Burnout in parents of chronically ill children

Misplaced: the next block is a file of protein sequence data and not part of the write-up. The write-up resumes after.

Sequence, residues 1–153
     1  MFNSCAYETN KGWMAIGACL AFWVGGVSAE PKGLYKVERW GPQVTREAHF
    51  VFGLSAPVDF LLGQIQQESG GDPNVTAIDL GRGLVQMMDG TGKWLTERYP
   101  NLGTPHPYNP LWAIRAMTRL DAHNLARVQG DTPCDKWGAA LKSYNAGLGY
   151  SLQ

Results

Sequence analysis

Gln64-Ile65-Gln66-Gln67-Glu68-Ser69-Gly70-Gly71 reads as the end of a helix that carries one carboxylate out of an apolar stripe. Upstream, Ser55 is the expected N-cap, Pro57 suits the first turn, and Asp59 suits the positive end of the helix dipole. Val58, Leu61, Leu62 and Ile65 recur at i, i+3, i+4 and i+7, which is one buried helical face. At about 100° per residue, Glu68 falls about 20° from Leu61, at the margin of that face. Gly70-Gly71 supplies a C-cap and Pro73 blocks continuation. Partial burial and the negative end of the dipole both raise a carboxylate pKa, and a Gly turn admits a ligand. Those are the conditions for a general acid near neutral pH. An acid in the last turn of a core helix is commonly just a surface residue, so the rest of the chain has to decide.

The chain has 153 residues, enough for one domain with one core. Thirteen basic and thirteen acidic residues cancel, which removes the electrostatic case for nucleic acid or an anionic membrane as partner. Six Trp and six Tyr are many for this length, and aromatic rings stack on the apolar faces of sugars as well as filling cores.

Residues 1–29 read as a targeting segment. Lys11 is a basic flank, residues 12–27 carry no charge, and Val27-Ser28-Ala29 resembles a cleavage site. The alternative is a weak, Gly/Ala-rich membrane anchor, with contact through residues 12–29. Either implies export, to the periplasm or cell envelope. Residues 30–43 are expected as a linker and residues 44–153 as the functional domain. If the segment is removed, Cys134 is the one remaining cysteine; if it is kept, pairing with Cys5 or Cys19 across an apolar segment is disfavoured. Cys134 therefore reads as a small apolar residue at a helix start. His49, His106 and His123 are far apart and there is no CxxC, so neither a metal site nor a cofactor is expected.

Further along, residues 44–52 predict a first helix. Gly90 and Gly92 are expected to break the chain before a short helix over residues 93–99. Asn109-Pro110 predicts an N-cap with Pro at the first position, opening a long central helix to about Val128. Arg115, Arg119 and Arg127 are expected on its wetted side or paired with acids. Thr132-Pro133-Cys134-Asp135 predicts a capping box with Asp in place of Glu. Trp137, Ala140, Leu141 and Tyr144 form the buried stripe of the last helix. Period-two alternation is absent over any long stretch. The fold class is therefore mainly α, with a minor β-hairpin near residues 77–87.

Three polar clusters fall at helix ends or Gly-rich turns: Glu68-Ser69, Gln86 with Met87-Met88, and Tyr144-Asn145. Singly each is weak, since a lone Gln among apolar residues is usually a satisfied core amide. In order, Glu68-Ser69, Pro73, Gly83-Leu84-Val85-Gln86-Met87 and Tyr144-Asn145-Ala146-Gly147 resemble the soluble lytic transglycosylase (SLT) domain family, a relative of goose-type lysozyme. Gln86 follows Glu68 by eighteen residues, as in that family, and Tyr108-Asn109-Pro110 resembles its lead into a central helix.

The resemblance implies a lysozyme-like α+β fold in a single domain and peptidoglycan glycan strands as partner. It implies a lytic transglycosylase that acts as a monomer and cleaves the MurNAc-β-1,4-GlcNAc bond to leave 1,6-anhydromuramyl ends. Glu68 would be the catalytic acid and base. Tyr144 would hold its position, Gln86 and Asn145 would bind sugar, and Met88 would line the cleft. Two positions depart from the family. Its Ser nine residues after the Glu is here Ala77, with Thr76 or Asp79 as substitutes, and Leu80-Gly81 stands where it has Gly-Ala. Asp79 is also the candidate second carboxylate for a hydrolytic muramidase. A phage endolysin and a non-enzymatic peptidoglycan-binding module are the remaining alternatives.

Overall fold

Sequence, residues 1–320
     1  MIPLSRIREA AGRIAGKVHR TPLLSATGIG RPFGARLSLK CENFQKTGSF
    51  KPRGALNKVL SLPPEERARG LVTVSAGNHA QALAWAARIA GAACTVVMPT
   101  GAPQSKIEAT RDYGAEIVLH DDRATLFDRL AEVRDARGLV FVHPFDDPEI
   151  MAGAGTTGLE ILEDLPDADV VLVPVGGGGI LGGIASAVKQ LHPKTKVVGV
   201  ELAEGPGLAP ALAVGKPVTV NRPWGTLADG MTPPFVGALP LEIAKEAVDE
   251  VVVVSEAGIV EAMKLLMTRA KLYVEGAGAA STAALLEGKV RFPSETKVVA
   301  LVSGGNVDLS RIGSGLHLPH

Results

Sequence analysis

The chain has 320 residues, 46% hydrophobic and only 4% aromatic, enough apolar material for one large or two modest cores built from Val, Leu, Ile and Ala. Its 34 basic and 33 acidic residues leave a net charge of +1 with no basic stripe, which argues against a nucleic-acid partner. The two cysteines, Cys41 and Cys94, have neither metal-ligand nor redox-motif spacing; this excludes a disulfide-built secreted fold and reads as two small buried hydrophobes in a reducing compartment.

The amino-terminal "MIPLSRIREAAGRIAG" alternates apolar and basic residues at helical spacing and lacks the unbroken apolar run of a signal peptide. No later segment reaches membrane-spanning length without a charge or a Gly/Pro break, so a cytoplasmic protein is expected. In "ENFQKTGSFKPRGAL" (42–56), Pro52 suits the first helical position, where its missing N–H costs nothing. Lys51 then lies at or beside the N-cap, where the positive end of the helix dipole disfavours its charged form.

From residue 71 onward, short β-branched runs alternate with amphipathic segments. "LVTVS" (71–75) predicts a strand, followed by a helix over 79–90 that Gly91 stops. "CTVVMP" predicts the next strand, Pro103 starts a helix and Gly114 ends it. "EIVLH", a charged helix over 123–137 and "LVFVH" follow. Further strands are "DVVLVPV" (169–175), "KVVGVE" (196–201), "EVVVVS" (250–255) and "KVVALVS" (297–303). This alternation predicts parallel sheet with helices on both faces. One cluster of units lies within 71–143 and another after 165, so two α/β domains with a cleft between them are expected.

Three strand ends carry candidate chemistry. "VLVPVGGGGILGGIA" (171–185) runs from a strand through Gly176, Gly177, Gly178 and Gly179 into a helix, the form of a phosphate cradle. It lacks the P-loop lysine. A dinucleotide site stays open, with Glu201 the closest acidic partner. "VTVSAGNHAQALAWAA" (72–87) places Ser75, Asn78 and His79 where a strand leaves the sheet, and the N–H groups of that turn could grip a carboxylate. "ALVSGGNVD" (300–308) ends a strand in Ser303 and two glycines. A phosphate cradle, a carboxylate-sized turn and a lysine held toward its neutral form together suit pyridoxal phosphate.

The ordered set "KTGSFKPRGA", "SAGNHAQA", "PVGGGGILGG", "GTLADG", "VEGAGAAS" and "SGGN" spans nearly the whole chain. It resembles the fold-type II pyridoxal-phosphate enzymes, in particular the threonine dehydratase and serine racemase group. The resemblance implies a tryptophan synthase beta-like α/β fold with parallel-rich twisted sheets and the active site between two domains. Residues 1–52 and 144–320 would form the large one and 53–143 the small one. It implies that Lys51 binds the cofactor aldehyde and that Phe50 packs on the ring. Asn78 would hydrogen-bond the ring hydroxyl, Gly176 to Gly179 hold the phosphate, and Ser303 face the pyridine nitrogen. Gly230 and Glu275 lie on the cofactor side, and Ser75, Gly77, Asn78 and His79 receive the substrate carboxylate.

Sammanfattning: Parents of children with a chronic disease are usually highly involved in their child’s treatment and may be affected by the heavy demands and constant stress. This can increase the risk of developing burnout, which is an individual reaction to long-term stress consisting of symptoms associated with emotional exhaustion, as well as physical and cognitive fatigue. The overall aim was to estimate the prevalence of burnout in parents of children with Type 1 Diabetes Mellitus (T1DM) and inflammatory bowel disease (IBD) (paper I), identify the risk factors associated with parenting a child with T1DM (paper II), explore how mothers suffering from burnout describe their mothering of a child with diabetes, with special focus on their need for control and Performance-based self-esteem (PBSE) (paper IV), and to evaluate the effect of a group intervention aimed at reducing stress-related symptoms (paper III). A total of 251 parents of children with T1DM, 38 parents of children with IBD and 124 parents of healthy children participated in a population-based study (I, II). The validated Shirom-Melamed Burnout Questionnaire (SMBQ) was used to assess burnout. 16 parents (SMBQ ≥3.75) participated in a group intervention and were evaluated for changes in SMBQ and PBSE (III). A total of 21 mothers of children with T1DM who scored for clinical burnout (SMBQ) participated in a qualitative study. Semi-structured interviews were conducted and Inductive content analysis was used (IV). In the study group 36.0% parents of children with a chronic disease scored for clinical burnout (SMBQ ≥3.75) compared to 20.2% of the reference parents (p=0.001) with a preponderance of mothers compared to fathers, 42% vs. 20.5% (p=0.001), respectively (I). Less support from the social network, sleep disturbances and lack of personal leisure time and recovery seem to be important risk factors for clinical burnout in parents of children with T1DM, especially mothers (II). Mothers’ experiences of mothering a child with T1DM were interpreted as one theme; Mission impossible, illustrating the extremely difficult circumstances under which they bring up the child with diabetes to adulthood (IV). Parents’ subjective evaluation of the intervention group was mainly positive and SMBQ (p=0.01) and PBSE scale (p= 0.04) measurements were significantly reduced 6 months after completion of the intervention (III). It is important to pay attention to how parents and especially mothers experience their daily life in order to support those who are at risk of developing burnout.
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